• Paul Kiler: Nicely said… BRAVO! February 8, 2021 at 12:23pm Reply

  • Constancesuze: Thank you, Victoria!
    I’m one of the people who reached out to you about how to be a perfumer (once, many years ago), and I remember thinking your reply was very curt and discouraging. I realize now how much time it would take you to answer all of those emails when so little is know about how the fragrance industry operates, and how hard it would be to be a public-facing touchpoint for everyone who is curious.
    Now happily an evaluation trainee at IFF 🙂
    Thank you for all of your writing February 9, 2021 at 9:19am Reply

    • Victoria: I remember your message, Constance, because you were one of the handful of people who took time to reply and thank me.
      Now I didn’t think that my reply was discouraging, just factual. I think I said that you need either a diploma from ISIPCA or to get training with one of the suppliers. And look where you are now! Bravo! I’m very happy for you. February 9, 2021 at 10:41am Reply

      • Constancesuze: I’m glad you remember my message, I’m sorry more people don’t thank you for your advice. I think the facts about joining the perfume industry can be a bit discouraging, since there are so few paths. But I’m happy at how things turned out, and it’s been a privilege to follow your writing! February 9, 2021 at 9:32pm Reply

  • Peter: Mahalo nui loa, Victoria, for becoming a Perfume Creator. The more you reveal the grit under the glamor, the more I appreciate You and your Comrades. February 9, 2021 at 11:13pm Reply

  • Muriel: Hello Victoria,
    Thanks a lot for this (once again) super interesting video! It is indeed very sad that there isn’t much information on that profession. It is also a discipline that is not at all mentioned at school where the sense of smell is completely ignored, which might be why it is still so exclusive. When I finally discovered how important smells were to me, I kind of regretted I had not known before… (as a teenager, I hesitated between chemistry and languages to enter university, and went for languages and literature), but I’m not sure I would have been strong enough to endure the constant competition of the perfume industry. However, working with smells, just for your own pleasure is extremely rewarding. Thank you for sharing your experience with us!! February 10, 2021 at 6:42am Reply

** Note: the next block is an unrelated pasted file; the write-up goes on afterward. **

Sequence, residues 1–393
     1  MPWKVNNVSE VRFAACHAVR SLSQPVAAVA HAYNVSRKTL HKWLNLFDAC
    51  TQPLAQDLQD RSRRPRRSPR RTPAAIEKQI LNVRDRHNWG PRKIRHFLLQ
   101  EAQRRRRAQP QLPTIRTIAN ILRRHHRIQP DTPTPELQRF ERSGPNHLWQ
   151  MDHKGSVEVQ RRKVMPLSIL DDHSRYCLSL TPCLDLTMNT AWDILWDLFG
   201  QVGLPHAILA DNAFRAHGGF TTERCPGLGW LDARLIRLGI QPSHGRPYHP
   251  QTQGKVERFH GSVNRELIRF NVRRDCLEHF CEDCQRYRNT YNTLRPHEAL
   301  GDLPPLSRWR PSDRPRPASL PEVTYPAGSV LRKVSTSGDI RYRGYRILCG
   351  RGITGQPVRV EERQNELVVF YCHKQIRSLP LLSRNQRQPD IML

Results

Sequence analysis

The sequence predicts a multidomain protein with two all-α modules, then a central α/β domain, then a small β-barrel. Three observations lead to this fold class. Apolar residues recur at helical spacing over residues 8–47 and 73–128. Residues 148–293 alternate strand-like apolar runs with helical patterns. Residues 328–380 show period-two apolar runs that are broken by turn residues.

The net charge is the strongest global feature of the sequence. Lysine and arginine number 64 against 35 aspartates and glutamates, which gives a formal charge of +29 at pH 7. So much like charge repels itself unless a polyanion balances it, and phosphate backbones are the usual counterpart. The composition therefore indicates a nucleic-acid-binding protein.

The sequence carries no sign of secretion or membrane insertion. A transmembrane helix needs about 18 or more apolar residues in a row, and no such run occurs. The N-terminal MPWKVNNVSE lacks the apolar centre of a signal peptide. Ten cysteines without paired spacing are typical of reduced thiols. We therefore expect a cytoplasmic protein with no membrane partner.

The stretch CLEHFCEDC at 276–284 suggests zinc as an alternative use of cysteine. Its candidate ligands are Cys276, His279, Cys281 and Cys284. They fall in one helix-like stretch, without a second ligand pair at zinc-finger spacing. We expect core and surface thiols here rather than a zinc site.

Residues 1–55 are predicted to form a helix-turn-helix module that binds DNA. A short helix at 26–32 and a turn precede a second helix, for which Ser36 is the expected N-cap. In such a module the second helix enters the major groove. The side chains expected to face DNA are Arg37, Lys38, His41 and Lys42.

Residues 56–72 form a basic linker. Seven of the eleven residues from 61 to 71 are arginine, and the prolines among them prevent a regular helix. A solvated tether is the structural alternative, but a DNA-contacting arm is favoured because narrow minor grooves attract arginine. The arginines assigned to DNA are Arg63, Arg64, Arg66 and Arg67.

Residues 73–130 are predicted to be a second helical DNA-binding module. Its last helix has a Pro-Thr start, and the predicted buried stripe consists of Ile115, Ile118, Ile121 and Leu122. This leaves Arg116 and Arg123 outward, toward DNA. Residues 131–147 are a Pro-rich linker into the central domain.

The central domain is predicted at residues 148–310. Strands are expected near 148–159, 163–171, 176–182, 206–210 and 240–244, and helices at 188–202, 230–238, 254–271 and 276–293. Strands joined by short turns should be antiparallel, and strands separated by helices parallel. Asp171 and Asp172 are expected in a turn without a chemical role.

• Silvermoon: Fascinating talk, Victoria.

    Sensitivity, Curiosity, Persistence and Enjoyment/Passion! Four main ingredients for budding perfumers to keep in mind, as per your video. I was really struck by how similar these qualities are for success in many professions. When my students (university) seek tips for success, I always say pretty much the same thing. The first three are crucial qualities that please employers and the last is crucial for pleasing oneself. February 11, 2021 at 5:25pm Reply

What do you think?

From the Archives

Latest Comments

  • Notturno7 in Recommend Me a Perfume : February 2021: Hi Marylin, Shalimar extrait and body cream, and Hermes Vanille Galante ( Lilly and vanilla ), those are my favourites when I’m craving that vanilla note. March 4, 2021 at 11:49pm

  • Notturno7 in Recommend Me a Perfume : February 2021: Hi Marylin, Shalimar extrait and body cream, and Hermes Vanille Galante ( Lilly and vanilla ), those are my favourites when I’m craving that vanilla note. March 4, 2021 at 11:42pm

  • Potimarron in 5 Books about Dance and Resilience: Thank you for the recommendations. I’ve never done ballet but I’m a ballroom and Latin dancer and your question about fragrances made me wonder. The changing rooms at my dancing… March 4, 2021 at 5:00pm

  • Sara in Spring Fragrances with Green and Floral Notes: I’m intrigued and will have to order a sample of Absinth, then. I like how you describe it as “spare”–I find that’s exactly how a lot of modern fragrances feel,… March 4, 2021 at 2:40pm

Latest Tweets

Design by cre8d
© Copyright 2005-2021 Bois de Jasmin. All rights reserved. Privacy Policy